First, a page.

Hypereosinophilic syndrome in Adult
The 3 diagnostic criteria are:
- Peripheral hypereosinophilia (HE) (> 1.5 x 109/L) on 2 occasions separated in time by 4 weeks with or without marked tissue eosinophilia
- HE-related organ damage or dysfunction:
- Greater than 20% eosinophils as compared to all nucleated cells on bone marrow section
- Extensive tissue infiltration by eosinophils as determined by pathologist
- Significant deposition of eosinophil granule proteins in tissue in absence of major tissue infiltration with eosinophils
- Primary HES – Monoclonal HE due to an underlying stem cell, myeloid, or eosinophilic neoplasm.
- Secondary HES – Polyclonal HE due to an overproduction of eosinophilopoietic cytokines. Potential causes include allergic disorders, malignancy, parasitic infection, and drug reactions.
- Idiopathic HES – The underlying cause of the HE is unknown.
- T-cell lymphocytic HES is associated with abnormal clones of T-cells producing Th-2 cytokines, specifically interleukin-5, which results in increased eosinophil production. These patients are at increased risk of developing lymphoma.
- Myeloproliferative HES is most commonly associated with the FIP1L1-PDGFRA fusion gene (encoding an activated tyrosine kinase), as well other chromosomal aberrations. This genetic mutation is found in various forms of myeloproliferative HES including eosinophilic leukemia.
- Familial HES is associated with autosomal dominant inheritance and linkage to chromosome 5q31-33. Although most affected individuals are asymptomatic, fatal progression of the disease has occurred.
- Other eosinophilic disorders: eosinophilic vasculitis; eosinophilic gastritis; episodic angioedema with eosinophilia (also known as Gleich syndrome); nodules, eosinophilia, rheumatism, dermatitis, and swelling (NERDS) syndrome; etc.
- Myeloproliferative variant (3 types):
- PDGFRA-associated HES (FIP1L1-PDGFRA: interstitial deletion of chromosome 4q12).
- Unknown etiology (FIP1L1-PDGFRA negative) associated HES.
- Chronic eosinophilic leukemia (CEL) characterized by cytogenetic abnormalities and/or peripheral blasts.
- Findings associated with the myeloproliferative variant are hepatosplenomegaly, anemia, thrombopenia, bone marrow dysplasia or fibrosis, and elevated cobalamin levels.
Morbidity and mortality from HES is variable. This condition may be quiescent or rapidly fatal from heart failure secondary to progressive restrictive cardiomyopathy. Poorer prognoses are associated with malignant transformation to eosinophilic leukemia, higher eosinophil counts, and cardiac or neurologic involvement.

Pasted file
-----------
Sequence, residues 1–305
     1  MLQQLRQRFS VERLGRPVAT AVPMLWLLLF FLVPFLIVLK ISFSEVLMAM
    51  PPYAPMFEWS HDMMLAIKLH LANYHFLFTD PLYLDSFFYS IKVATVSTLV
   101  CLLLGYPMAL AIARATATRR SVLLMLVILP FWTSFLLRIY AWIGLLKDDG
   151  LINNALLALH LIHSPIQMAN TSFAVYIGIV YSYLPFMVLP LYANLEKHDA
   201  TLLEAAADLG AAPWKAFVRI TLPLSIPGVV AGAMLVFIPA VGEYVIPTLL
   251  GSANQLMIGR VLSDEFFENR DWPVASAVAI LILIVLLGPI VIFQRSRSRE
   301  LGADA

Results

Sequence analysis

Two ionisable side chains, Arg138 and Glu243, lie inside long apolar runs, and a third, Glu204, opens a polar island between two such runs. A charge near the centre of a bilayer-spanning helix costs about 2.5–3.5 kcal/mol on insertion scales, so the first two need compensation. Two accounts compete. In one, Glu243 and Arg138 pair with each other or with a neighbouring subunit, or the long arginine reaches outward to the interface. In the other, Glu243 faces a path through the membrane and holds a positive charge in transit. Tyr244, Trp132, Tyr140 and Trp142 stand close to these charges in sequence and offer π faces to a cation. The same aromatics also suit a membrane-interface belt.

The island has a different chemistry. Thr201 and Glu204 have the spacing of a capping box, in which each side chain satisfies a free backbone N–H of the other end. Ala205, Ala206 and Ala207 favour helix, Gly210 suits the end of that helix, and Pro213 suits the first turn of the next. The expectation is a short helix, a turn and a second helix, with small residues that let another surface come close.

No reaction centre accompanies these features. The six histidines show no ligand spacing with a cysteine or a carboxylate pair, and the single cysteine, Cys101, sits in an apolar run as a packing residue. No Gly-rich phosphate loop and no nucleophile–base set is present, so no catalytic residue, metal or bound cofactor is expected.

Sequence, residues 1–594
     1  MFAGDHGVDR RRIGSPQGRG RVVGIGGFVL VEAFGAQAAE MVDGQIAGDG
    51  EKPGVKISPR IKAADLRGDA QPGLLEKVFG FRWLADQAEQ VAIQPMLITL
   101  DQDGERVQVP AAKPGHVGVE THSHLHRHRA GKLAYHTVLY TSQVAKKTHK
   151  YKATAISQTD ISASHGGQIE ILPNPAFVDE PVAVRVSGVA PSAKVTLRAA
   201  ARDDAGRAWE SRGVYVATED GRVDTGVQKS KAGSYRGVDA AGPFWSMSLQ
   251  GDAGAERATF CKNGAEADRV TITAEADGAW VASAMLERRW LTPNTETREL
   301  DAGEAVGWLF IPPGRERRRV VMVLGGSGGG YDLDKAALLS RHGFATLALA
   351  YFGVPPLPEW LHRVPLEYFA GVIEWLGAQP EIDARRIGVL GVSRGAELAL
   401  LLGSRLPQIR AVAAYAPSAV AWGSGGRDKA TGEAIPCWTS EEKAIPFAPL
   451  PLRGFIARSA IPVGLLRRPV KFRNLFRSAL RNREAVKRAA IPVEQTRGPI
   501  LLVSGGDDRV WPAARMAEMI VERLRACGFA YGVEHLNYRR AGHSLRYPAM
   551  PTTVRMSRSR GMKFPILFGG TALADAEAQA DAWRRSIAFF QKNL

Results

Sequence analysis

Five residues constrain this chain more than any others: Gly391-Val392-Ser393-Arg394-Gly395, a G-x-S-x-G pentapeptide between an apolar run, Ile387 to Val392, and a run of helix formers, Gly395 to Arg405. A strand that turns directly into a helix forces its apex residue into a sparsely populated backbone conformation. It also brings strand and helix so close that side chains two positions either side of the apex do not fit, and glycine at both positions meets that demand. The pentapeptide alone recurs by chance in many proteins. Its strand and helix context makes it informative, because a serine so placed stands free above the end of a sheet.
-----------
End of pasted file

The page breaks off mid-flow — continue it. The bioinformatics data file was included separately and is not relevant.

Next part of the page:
D72.1 – Eosinophilia
414450004 – Idiopathic hypereosinophilic syndrome
- Parasitic infections (eg, strongyloidiasis)
- Drug reactions
- Angiolymphoid hyperplasia with eosinophilia – Look for papules, plaques, and nodules in the head and neck region.
- Eosinophilic granulomatosis with polyangiitis – Look for allergic rhinitis, asthma, peripheral neuropathy, and vasculitis.
- Eosinophilic leukemia – Look for bone marrow sample with leukemic blast cells and eosinophilic differentiation.
- Eosinophilia-myalgia syndrome – Look for flu-like and neurological symptoms and a history of L-tryptophan supplementation.
- Eosinophilic cellulitis (Wells syndrome) – Look for bright-red to slate-blue papules, plaques, or wheals and "flame figures" on skin biopsy.
- Eosinophilic fasciitis – Look for peau d'orange appearance to the skin and a history of strenuous exercise.
- Eosinophilic pustular folliculitis (Ofuji disease) – Look for pruritic folliculitis in patients with human immunodeficiency virus (HIV).
- Eosinophilic ulcer – Look for mucosal (usually oral) ulcers in areas of chronic trauma.
- Kimura disease – Look for painless unilateral cervical lymphadenopathy in males of Asian descent.
Last Updated: 10/08/2018